Reasons to stop smoking:
Smoking damages the arteries to the heart and brain, thereby increasing the risk of heart attack and stroke.
Cigarette smoking harms the body by raising cholesterol levels and blood pressure.
One cigarette can impair circulation for up to 45 minutes by constricting the small blood vessels. (The narrow vessels in the feet are particularly vulnerable to the damaging effects)
Smokers who quit or even just cut down on cigarettes can begin to reap the health benefits within a few months, new study findings suggest.
In the study, individuals who gradually quit smoking saw improvements in risk factors for heart disease, including lower cholesterol and carbon monoxide levels. The findings may encourage some of the millions of smokers worldwide to cut back on tobacco, which will cause an estimated 10 million deaths a year by 2030.
I think one of the main reasons it’s so hard to quit smoking is because all the benefits of quitting and all the dangers of continuing seem very far away. Well, here’s a little timeline about some of the more immediate effects of quitting smoking and how that will affect your body RIGHT NOW.
In 20 minutes, your blood pressure will drop back down to normal.
In 8 hours, the carbon monoxide (a toxic gas) levels in your blood stream will drop by half, and oxygen levels will return to normal.
In 48 hours, your chance of having a heart attack will have decreased. All nicotine will have left your body. Your sense of taste and smell will return to a normal level.
In 72 hours, your bronchial tubes will relax, and your energy levels will increase.
In 2 weeks, your circulation will increase, and it will continue to improve for the next 10 weeks.
In three to nine months coughs, wheezing and breathing problems will dissipate as your lung capacity improves by 10%.
In 1 year, your risk of having a heart attack will have dropped by half.
In 5 years, your risk of having a stroke returns to that of a non-smoker.
In 10 years, your risk of lung cancer will have returned to that of a non-smoker.
In 15 years, your risk of heart attack will have returned to that of a non-smoker.
How to Stop:
Don’t carry a lighter, matches or cigarettes. Keep all of these smoking reminders out of sight.
Don’t focus on what you are missing. Think about the healthier way of life you are gaining.
When you get the urge to smoke, take a deep breath. Hold it for 10 seconds and release it slowly. Repeat this several times until the urge to smoke is gone.
Keep your hands busy. Doodle, play with a pencil or straw, or write in a journal
Change activities that were connected to smoking. Take a walk or read a book instead of taking a cigarette break.
When you can, avoid places, people and situations associated with smoking. Hang out with non-smokers or go to places that don’t allow smoking, such as the movies, museums, shops or libraries.
Don’t substitute food or sugar-based products for cigarettes. Eat low-calorie, healthful foods (such as carrot or celery sticks, sugar-free hard candies) or chew gum when the urge to smoke strikes so you can avoid weight gain.
Drink plenty of fluids, but limit alcoholic and caffeinated beverages. They can trigger urges to smoke.
Exercise. Exercising will help you relax.
Get support for quitting. Tell others about your milestones with pride.
Work with your doctor to develop a plan using over-the-counter or prescription nicotine-replacement aids.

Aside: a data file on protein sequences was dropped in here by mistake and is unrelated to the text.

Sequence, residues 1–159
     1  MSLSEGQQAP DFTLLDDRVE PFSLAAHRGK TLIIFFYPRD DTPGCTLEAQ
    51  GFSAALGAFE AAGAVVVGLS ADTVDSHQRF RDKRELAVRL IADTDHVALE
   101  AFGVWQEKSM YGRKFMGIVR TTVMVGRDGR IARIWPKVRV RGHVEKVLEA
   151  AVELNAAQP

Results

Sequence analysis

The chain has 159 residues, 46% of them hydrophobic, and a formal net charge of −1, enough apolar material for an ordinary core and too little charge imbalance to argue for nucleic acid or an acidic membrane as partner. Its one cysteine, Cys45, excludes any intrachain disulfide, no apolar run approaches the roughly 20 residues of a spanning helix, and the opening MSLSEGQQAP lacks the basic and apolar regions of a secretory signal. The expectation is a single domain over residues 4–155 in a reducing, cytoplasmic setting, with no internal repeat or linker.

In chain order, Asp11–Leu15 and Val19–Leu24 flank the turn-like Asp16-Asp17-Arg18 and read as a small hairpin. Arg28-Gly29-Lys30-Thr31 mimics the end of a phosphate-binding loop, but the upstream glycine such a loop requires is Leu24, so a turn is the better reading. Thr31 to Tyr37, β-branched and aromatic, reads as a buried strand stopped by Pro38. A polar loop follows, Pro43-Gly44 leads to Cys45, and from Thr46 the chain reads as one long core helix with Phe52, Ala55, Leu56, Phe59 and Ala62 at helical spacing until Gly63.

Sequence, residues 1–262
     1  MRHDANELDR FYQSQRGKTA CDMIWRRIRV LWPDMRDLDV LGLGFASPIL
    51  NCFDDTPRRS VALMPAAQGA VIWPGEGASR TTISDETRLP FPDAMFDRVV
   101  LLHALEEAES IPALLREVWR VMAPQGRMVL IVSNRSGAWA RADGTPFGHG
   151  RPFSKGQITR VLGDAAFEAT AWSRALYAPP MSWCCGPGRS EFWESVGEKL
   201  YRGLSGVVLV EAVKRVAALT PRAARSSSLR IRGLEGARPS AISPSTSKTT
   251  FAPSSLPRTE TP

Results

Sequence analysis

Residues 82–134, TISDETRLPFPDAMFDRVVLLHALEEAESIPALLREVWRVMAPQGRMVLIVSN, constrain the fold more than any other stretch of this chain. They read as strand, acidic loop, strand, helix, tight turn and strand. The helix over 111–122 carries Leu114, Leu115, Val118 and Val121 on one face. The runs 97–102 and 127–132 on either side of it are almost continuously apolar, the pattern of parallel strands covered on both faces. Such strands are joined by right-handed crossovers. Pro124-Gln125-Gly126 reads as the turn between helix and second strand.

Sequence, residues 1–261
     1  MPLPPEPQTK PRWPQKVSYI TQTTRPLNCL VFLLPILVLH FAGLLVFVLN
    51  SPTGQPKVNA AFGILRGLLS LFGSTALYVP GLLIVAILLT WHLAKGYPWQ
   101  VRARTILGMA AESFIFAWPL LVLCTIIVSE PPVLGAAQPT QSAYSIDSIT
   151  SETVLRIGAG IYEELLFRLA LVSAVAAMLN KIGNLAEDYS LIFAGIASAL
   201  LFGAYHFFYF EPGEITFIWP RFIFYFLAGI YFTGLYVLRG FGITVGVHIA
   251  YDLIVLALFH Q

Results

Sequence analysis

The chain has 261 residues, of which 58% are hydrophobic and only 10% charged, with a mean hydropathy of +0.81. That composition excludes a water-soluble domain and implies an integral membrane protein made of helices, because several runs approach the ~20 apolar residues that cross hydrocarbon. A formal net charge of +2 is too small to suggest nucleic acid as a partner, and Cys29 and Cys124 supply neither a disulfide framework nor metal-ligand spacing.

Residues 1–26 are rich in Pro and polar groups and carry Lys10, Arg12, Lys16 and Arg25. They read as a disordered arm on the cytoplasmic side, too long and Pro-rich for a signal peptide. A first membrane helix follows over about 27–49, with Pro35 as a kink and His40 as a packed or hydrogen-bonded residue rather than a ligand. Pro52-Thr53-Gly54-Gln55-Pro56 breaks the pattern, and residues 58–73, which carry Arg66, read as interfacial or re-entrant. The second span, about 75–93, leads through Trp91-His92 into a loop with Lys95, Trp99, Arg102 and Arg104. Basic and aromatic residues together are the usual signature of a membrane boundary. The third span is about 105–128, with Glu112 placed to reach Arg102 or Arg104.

There’s no one way to quit smoking that works for everyone. To quit, you must be ready both emotionally and mentally. You must also want to quit smoking for yourself, and not to please your friends or family. It helps to plan ahead. This guide may help get your started.
The first thing to do is to pick a date to stop smoking and then stick to it.
Next, write down your reasons for quitting. Read over the list every day, before and after you quit.
Write down when you smoke, why you smoke and what you are doing when you smoke. You will learn what triggers you to smoke.
Stop smoking in certain situations (such as during your work break or after dinner) before actually quitting.
Make a list of activities you can do instead of smoking. Be ready to do something else when you want to smoke.
Ask your doctor about using nicotine gum, lozenge, patches. Some people find these aids helpful.
Join a smoking cessation support group or program. Call your local chapter of the American Lung Association.
How Will I Feel When I Quit?
You may crave cigarettes, be irritable, feel very hungry, cough often, get headaches or have difficulty concentrating. These symptoms of withdrawal occur because your body is used to nicotine, the active addicting agent within cigarettes.
When withdrawal symptoms occur within the first two weeks after quitting, stay in control. Think about your reasons for quitting. Remind yourself that these are signs that your body is healing and getting used to being without cigarettes.
The withdrawal symptoms are only temporary. They are strongest when you first quit but will usually go away within 10 to 14 days. Remember that withdrawal symptoms are easier to treat than the major diseases that smoking can cause.
You may still have the desire to smoke, since there are many strong associations with smoking. People may associate smoking with specific situations, with a variety of emotions or with certain people in their lives. The best way to overcome these associations is to experience them without smoking. If you relapse do not lose hope. Seventy-five percent of those who quit smoke again. Most smokers quit three times before they are successful. If you relapse, don’t give up! Plan ahead and think about what you will do next time you get the urge to smoke.
The good news is your risk of heart disease is cut in half after quitting tobacco for one year. After 15 smoke free years, your risk is similar to that of a person who has never smoked.
American Heart Association
American Cancer Society